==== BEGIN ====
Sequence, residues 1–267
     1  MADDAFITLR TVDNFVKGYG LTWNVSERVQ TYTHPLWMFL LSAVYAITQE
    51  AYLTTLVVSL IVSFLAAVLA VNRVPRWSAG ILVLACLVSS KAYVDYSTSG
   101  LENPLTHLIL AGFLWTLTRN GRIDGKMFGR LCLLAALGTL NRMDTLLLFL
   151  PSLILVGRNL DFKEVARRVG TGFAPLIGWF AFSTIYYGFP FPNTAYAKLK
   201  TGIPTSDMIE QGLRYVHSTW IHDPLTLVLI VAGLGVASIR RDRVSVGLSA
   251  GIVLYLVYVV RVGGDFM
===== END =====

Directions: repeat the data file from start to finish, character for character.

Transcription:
Sequence, residues 1–267
     1  MADDAFITLR TVDNFVKGYG LTWNVSERVQ TYTHPLWMFL LSAVYAITQE
    51  AYLTTLVVSL IVSFLAAVLA VNRVPRWSAG ILVLACLVSS KAYVDYSTSG
   101  LENPLTHLIL AGFLWTLTRN GRIDGKMFGR LCLLAALGTL NRMDTLLLFL
   151  PSLILVGRNL DFKEVARRVG TGFAPLIGWF AFSTIYYGFP FPNTAYAKLK
   201  TGIPTSDMIE QGLRYVHSTW IHDPLTLVLI VAGLGVASIR RDRVSVGLSA
   251  GIVLYLVYVV RVGGDFM